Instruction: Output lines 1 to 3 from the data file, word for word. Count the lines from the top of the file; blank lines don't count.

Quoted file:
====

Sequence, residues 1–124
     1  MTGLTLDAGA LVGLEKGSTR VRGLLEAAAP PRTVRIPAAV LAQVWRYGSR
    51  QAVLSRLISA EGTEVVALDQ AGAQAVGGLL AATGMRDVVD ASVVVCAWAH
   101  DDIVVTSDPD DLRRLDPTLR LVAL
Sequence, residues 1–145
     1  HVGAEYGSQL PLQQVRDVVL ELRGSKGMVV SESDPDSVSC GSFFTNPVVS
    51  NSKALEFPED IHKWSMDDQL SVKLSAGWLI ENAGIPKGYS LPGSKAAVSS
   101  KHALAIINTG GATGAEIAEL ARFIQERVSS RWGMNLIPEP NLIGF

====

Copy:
Sequence, residues 1–124
     1  MTGLTLDAGA LVGLEKGSTR VRGLLEAAAP PRTVRIPAAV LAQVWRYGSR
    51  QAVLSRLISA EGTEVVALDQ AGAQAVGGLL AATGMRDVVD ASVVVCAWAH